Roof Reports

At a glance...

  • Roofing problems like sagging or roofspread can be linked to the structure. We will advise as it’s important to get the right professional on the job.
  •  Roof coverings checked.
  •  Objective and honest answers – no exaggeration of defects or repairs.
  •  Costings for repairs.
  •  The report format is acceptable to mortgage lenders.
  •  You will have the report back in hand quickly.

There are many factors that can lead to a surveyor or valuer recommending a roof report, but our experience over the years is that they tend to fall into two categories:

  • Problems with the roof covering
  • Problems with the roof structure

As we all know, if there is one area in which the old adage ‘a stitch in time saves nine’ it is with respect of roofs. Relatively inexpensive repairs can save the considerable expense that follows when water penetrates the building fabric. Keeping roofs watertight is always a priority in property maintenance.

Given that the cause of problems may vary, it’s important that the professional engaged to resolve the problem is the right one. For example, undersized roof members may need a structural engineer or chartered building surveyor to advise on repairs whereas a roofing contractor would be best pricing recovering costs for replacing a tile roof.

The Specialist Xpress team will advise on which specialist would be appropriate

Roof defects cover a vast range, but some of the following represent the most common:

  • Flat roof coverings. Flat roof inevitably hold water longer than pitched roofs and are therefore more prone to leakage. Coverings can be made of asphalt, bitumen roofing felts or a variety of metal roof coverings. Problems with the coverings include degradation of the covering through ‘crazing’ of the surface or cracking through expansion of the material due to inadequate reflective protection. (It is generally thought that the life expectancy of a bitumen felt roof is around 15 years, though in fact, there are many factors that will affect the duration of its performance, not least of which is the quality of construction on site. Abutments of flat roof with other building elements are also areas of weakness, and verges, upstands and detailing around services are critical to the roof’s integrity. Regular checks are essential.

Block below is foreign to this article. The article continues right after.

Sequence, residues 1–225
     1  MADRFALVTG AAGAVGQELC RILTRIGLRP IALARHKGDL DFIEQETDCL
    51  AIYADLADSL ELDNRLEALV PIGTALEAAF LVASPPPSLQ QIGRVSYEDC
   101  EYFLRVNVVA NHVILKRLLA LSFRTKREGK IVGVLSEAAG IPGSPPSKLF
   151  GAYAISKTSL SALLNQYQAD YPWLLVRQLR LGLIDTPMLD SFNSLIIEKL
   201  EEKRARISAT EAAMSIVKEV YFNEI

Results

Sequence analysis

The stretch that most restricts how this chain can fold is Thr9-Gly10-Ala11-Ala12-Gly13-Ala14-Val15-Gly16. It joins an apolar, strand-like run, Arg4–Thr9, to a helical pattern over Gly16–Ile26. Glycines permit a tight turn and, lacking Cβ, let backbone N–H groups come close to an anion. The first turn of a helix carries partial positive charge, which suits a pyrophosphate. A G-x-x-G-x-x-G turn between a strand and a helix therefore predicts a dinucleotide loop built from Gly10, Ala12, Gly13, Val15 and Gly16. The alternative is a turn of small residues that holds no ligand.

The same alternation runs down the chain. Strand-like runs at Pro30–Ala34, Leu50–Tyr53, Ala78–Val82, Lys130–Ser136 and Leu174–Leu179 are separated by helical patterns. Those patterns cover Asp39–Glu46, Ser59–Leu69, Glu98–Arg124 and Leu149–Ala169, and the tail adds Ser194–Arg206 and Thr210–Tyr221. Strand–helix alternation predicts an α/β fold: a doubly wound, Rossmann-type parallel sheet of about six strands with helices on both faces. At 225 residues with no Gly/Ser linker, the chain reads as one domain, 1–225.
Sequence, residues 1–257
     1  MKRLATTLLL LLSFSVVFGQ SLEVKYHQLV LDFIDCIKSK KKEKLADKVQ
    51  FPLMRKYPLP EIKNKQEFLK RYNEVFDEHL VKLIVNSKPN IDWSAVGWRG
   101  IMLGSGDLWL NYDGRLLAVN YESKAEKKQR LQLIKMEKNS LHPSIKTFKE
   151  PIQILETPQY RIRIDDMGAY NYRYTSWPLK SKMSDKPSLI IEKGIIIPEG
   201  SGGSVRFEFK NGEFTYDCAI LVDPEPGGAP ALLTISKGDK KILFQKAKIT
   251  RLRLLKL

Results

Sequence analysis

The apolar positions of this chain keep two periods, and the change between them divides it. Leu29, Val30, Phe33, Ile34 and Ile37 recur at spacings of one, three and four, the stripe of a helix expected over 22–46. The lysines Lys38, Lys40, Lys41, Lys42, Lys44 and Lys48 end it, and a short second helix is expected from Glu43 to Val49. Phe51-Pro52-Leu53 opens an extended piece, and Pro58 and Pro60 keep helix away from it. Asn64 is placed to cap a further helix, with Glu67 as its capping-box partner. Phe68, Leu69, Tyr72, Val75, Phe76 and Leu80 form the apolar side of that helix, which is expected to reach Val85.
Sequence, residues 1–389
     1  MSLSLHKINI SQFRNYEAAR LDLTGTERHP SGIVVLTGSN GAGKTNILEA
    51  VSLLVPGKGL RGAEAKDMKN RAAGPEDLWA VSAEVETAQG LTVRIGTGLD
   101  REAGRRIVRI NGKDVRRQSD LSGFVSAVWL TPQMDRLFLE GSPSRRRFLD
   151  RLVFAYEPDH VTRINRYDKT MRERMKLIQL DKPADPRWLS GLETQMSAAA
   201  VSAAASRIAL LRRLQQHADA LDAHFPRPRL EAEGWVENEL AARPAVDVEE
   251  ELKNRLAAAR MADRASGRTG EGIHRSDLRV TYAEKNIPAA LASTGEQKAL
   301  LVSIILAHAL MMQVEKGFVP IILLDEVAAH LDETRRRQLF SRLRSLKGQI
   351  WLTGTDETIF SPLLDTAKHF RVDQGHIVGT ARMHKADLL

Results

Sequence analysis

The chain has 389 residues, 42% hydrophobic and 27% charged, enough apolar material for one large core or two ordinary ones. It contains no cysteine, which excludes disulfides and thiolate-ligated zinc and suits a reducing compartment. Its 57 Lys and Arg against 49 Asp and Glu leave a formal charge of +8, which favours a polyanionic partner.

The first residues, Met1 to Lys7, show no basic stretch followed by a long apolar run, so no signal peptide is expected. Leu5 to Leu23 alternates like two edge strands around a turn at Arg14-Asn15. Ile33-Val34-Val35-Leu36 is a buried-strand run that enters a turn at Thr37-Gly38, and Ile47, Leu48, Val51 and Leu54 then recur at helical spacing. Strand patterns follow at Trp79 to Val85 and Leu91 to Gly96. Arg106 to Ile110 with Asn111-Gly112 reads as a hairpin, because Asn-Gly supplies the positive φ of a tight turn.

• Pitched roof – structural support. Historically, roof members are sometimes undersized for the loads they have to carry (weight of the covering and roof members plus the weight of snow loads on top). In some cases, however, the original covering is replaced with a heavier one. A typical example is when original slates are replaced with concrete tile coverings. The additional weight of the tiles needs to be reflected with increased structural support below.
  • Sagging – when ridge lines or the surfaces of the roof slopes deflect, it is a good indication that the supporting purlins and rafters are struggling to cope with the loads imposed on them. Advice is needed to decide a repair scheme. Often this accommodates rather than removing the sag, but reinforcing the roof members to be able to provide the additional support needed.
  • Roof Spread – pitched roofs gain much of their strength by the fact that they are triangles with the roof members of the slope (the rafters) secured at the base by ties (sometimes the ceiling joists). If the ties are broken, then the side members press outwards, causing the roof ridge to drop down and the side walls to push out. Additional restraint is often needed to prevent further spread. This is a more common defect in older properties.
  • Water penetration – slipped or damaged slates or tiles will allow water to gain access particularly if there is no secondary protection by way of an underlay to the roof covering. Tile often suffer from lamination of their surface which reduces their effectiveness to discharge water.
  • Where the roof is penetrated by other structural elements, such as the chimney, it is important that the joint is properly sealed. This is why flashings and soakers need to be in good condition. Deterioration of the lead of which they are often made can lead to problems.
  • Ventilation of roofspaces is essential to avoid condensation problems and must always be provided and maintained. Sometimes our desire to insulate and protect our buildings from heat loss means that we neglect the important need for ventilation which ends up with damp issues internally.
  • Woodworm can reduce the performance of roof members over a course of time – see our technical note re Damp and Timber Reports.
  • Roof timbers can rot if affected by moisture, Timbers , for example, beneath valley gullies are particularly vulnerable. Any staining should be investigated as a matter of priority.
  • Modern trussed rafters have to be cross-braced to prevent a problem called ‘racking’ where the trusses all lean in one direction. The cross bracing prevents them moving in that way
  • Older properties (though not exclusively older properties), may be affected by rodent or insect infestation. We have had experience of a roof inhabited by bats who were a protected species and had to be accommodated!
  • a description of the property
  • its age and construction
  • comment on restrictions to the areas inspected
  • a description of apparent defects
  • recommendation of repairs, if necessary
  • costings for carrying out the repair work
  • details of any warranty that may apply to the work

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